7. Literary Agent: Definition: An individual who represents a writer's works to publishers. Visit Literary Agent Information for a comprehensive profile of researching and finding literary agents.

8. Usage Research: Definition: The fine art of applying the English language. Visit Grammar Book to see English language usage research at its finest.

9. Writer's Market: Definition: The medium through which a writer has his or her work published be it book, magazine, ezine, newspaper, or other media. Visit The Write Market for an intricate look at literally thousands of mediums for writers!

10. Publisher: Definition: Any company, firm, individual, partnership, or corporation which publishes original works of writing. This may include, but not necessarily be limited to, magazines, periodicals, journals, tabloids, newspapers, newsletters, ezines, and book publishing houses. For a complete look at the steps involved in publishing, take a look at Trafford Author's Toolkit.

11. Infringement: Definition: To transgress, violate; to encroach or trespass. Stepping on toes in the writing business can mean a hefty lawsuit, and not necessarily only from what you are writing. Watch what you write, where you write, who you quote, and what illustration or images you use! In other words, watch out for copyrights, plagiarism, patents, and trademarks. For more information on infringement, specifically, punishment for copyright violations, take a gander at TITLE 17,CHAPTER 5, Sec. 504. Similar code exists for patent and trademark infringements as well. Also see Plagiarism and Copyright above, and Patents below.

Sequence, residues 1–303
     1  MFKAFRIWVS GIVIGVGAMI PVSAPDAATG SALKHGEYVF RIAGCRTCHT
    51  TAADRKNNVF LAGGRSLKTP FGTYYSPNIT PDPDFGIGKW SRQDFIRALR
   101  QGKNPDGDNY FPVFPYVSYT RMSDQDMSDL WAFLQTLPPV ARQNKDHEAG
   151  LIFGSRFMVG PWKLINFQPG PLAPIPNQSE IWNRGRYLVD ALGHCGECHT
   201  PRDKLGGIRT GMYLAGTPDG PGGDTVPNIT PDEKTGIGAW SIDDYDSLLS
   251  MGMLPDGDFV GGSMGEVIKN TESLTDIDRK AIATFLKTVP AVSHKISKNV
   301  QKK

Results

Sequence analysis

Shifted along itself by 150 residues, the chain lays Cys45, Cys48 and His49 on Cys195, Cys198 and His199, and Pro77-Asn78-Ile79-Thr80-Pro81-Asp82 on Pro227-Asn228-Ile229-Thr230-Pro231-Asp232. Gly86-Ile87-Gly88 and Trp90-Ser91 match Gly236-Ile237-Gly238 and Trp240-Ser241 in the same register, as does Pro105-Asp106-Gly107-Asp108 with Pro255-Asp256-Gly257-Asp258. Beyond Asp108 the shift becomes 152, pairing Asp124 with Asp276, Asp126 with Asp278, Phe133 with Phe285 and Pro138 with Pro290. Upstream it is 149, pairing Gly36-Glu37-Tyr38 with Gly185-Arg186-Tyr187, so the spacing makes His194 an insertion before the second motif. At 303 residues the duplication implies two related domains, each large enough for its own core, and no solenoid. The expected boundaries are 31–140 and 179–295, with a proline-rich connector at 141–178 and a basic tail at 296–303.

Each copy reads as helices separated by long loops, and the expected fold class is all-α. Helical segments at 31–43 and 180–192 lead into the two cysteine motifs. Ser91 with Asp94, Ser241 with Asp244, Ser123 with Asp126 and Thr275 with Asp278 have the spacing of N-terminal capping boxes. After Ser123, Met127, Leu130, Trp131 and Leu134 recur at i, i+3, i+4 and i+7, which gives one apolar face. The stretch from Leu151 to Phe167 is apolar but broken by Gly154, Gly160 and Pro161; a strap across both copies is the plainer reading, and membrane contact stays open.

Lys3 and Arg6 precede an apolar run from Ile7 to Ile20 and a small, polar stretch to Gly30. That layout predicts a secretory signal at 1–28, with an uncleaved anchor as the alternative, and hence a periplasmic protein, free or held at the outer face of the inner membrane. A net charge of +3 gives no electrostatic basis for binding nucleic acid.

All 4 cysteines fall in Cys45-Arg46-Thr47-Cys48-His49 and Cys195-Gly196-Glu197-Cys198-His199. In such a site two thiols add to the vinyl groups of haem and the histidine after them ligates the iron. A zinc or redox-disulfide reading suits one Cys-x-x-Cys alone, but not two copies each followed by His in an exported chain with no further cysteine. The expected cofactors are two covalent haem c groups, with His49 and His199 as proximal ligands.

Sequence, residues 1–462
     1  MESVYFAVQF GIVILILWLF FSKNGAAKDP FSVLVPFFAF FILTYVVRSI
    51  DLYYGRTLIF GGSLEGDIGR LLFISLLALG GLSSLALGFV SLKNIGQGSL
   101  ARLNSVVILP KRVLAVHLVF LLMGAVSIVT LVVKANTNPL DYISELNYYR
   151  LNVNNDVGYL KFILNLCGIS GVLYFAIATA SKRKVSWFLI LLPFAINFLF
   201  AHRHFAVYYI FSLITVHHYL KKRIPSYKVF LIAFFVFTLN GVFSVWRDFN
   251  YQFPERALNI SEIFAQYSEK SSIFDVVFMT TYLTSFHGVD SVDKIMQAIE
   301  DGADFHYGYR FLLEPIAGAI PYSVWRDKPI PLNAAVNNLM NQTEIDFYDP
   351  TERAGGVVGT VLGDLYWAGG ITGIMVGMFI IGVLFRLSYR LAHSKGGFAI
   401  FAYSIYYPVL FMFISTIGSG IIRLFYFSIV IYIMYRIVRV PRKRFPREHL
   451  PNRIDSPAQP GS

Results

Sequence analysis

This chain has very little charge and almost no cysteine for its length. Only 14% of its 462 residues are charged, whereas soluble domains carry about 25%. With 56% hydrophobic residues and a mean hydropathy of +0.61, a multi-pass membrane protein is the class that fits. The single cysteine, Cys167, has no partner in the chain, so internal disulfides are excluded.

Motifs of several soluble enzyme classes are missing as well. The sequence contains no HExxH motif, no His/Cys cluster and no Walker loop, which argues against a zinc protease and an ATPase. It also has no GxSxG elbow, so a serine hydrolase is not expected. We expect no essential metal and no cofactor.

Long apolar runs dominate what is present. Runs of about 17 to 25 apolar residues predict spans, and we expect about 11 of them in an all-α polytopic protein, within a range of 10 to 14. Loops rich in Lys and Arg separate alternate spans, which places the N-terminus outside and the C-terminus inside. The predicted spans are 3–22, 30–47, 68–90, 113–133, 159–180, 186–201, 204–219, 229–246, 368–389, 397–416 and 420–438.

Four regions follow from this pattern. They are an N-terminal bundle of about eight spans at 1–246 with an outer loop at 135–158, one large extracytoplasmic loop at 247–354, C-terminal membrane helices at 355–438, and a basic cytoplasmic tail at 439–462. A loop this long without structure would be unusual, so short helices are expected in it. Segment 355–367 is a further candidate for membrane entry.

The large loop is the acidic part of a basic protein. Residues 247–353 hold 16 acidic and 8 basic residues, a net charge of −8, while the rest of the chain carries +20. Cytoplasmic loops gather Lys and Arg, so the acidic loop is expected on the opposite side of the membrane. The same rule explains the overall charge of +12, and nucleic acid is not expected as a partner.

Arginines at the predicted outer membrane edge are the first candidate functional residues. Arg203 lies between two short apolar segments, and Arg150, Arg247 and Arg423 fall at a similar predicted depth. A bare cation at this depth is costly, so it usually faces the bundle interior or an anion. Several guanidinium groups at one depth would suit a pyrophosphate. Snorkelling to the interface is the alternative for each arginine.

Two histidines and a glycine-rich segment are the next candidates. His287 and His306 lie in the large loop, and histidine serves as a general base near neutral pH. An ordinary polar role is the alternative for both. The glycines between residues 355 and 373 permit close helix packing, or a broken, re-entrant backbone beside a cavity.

12. Patent, Trademark, Servicemark: Definitions: A patent is the grant of a property to an inventor. A trademark is a word, name, symbol or device which is used in trade with goods to indicate the source of the goods and to distinguish them from the goods of others. A servicemark is the same as a trademark except that it identifies and distinguishes the source of a service rather than a product. The terms "trademark" and "mark" are commonly used to refer to both trademarks and servicemarks. This an important area for writers to at least understand and be aware of. Please see Infrigement and Copyright above. For more information on patents, trademarks, and servicemarks see The U.S. Patent and Trademark Office.